Senior Honors Theses

Publication Date

Spring 2014

School

School of Health Sciences

Major

Biochemistry and Molecular Biology

Keywords

intestinal microbiota, Citrobacter rodentium, colonization, streptomycin-treated mouse model

Disciplines

Bacterial Infections and Mycoses

Abstract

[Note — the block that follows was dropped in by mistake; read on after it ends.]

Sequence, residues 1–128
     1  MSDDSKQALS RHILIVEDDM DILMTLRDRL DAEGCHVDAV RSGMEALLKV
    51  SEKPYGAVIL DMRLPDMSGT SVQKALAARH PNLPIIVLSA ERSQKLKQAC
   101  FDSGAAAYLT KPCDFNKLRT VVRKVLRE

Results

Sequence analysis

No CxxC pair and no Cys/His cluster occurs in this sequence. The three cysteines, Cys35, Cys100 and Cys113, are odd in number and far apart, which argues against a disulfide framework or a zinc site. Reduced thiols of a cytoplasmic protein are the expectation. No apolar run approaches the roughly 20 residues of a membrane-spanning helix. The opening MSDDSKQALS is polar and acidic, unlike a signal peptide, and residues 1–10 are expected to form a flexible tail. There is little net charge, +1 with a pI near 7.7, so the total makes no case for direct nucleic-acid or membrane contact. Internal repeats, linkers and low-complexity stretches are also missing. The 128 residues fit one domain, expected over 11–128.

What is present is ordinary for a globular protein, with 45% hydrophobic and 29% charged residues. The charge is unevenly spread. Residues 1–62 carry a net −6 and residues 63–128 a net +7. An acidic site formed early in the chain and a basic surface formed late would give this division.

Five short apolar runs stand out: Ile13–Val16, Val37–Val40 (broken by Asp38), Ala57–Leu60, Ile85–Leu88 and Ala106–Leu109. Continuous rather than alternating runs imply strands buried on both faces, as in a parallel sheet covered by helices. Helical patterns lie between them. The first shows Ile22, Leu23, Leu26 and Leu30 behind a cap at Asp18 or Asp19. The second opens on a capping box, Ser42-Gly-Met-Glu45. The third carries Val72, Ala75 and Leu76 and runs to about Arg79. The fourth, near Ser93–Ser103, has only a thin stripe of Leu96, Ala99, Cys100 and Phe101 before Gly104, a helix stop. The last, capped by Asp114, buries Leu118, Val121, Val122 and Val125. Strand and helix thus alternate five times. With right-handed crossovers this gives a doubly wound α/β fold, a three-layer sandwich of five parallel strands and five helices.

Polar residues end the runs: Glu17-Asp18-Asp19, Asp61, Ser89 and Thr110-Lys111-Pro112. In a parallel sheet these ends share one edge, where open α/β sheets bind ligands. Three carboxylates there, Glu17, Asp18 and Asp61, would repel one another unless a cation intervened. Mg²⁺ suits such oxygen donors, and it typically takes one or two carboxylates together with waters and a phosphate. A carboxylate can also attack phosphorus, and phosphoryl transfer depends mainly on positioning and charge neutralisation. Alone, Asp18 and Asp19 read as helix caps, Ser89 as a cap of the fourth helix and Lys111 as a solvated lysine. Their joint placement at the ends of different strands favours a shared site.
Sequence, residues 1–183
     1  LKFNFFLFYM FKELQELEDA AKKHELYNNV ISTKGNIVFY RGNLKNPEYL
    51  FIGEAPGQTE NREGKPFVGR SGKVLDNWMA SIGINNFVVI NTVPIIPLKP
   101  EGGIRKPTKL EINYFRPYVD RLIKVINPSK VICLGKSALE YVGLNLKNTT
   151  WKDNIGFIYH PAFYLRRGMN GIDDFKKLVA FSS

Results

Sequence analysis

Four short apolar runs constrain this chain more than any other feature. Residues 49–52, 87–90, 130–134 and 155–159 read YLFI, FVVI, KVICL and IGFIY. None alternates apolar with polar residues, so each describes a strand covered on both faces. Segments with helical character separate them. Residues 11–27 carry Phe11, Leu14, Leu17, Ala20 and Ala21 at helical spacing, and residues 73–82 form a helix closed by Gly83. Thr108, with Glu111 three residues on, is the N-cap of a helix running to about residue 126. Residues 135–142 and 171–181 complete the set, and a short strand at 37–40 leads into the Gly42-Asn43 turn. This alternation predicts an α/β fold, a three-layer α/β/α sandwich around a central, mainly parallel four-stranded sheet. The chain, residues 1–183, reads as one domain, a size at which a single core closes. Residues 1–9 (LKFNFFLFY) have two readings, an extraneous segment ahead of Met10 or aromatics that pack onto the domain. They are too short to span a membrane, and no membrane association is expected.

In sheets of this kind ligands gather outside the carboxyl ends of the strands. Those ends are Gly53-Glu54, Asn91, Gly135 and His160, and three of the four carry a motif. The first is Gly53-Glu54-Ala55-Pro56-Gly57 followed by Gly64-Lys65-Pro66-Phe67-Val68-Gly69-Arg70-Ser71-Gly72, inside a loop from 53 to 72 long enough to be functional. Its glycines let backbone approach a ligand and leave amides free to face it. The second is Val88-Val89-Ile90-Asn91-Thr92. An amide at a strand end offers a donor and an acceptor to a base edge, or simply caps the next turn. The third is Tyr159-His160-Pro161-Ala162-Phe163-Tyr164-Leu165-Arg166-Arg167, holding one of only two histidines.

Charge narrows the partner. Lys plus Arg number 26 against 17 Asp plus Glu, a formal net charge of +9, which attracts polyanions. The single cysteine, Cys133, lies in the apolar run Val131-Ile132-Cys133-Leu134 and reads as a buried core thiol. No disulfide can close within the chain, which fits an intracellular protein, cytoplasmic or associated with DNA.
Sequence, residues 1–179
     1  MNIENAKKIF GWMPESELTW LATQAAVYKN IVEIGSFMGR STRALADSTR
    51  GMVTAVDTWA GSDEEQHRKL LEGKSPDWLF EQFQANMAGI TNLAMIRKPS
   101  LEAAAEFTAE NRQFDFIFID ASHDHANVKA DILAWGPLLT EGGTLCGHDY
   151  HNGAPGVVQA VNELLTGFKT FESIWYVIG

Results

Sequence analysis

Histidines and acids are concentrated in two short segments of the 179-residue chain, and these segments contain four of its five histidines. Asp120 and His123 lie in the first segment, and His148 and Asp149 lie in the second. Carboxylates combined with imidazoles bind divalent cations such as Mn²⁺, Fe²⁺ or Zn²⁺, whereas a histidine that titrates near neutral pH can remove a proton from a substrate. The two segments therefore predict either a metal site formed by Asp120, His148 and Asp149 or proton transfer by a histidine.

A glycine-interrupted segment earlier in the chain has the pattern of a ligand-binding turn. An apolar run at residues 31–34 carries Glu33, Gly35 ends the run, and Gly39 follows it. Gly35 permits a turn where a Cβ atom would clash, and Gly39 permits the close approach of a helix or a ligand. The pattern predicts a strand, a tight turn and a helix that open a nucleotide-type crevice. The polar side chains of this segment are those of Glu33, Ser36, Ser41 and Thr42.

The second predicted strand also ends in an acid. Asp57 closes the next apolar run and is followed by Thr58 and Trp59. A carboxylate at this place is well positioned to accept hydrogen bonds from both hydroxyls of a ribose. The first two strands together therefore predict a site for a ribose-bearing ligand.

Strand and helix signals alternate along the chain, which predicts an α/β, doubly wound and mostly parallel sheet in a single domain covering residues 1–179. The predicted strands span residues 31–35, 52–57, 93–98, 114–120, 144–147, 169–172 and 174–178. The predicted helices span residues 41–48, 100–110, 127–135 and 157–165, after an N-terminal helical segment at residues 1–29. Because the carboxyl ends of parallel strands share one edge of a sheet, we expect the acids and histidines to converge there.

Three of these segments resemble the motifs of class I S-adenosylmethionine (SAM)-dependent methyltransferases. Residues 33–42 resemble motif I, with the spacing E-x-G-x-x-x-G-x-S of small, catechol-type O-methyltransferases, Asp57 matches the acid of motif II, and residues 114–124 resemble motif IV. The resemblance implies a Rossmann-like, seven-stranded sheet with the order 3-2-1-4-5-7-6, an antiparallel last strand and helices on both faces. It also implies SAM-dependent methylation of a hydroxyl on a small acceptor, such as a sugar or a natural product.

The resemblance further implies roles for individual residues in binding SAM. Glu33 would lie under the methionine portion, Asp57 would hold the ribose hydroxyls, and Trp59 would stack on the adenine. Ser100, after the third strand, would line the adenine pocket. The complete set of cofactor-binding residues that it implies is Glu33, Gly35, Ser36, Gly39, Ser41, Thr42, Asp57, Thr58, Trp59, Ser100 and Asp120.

The human intestine hosts a diverse community of bacteria known as the intestinal microbiota. The intestinal microbiota have a symbiotic relationship with the host organism. Current research does not clearly define the effect these commensal microorganisms have on the overall maintenance of gastrointestinal health, including protection from the invasion and pathogenesis of foreign bacteria known as pathogens. EHEC O157:H7 causes severe sickness and can be life-threatening, but is difficult to study in vivo. One challenge is that EHEC does not colonize the preferred animal model for human GI studies: the murine intestine. However, the murine pathogen Citrobacter rodentium has been shown to colonize the mouse intestine and is used in current research as a model for EHEC colonization and infection. However, no one knows how the intestinal microbiota respond during the colonization C. rodentium and is addressed in this thesis. The colonization of a streptomycin-resistant strain of C. rodentium was observed over a 15-day period and quantified in both conventional and streptomycin-treated mouse models using genus-specific primers and quantitative PCR. The day 7 results indicate that there is a significant increase of Bacteroidales in the uncolonized, streptomycin-treated model, which is consistent with previous studies. The characterization of the intestinal microbiota has yet to be fully described for the colonization of C. rodentium in the mouse intestine as data analysis for this study continues. The anticipated outcomes may lead to the prevention and clinical care of EHEC on a global scale.

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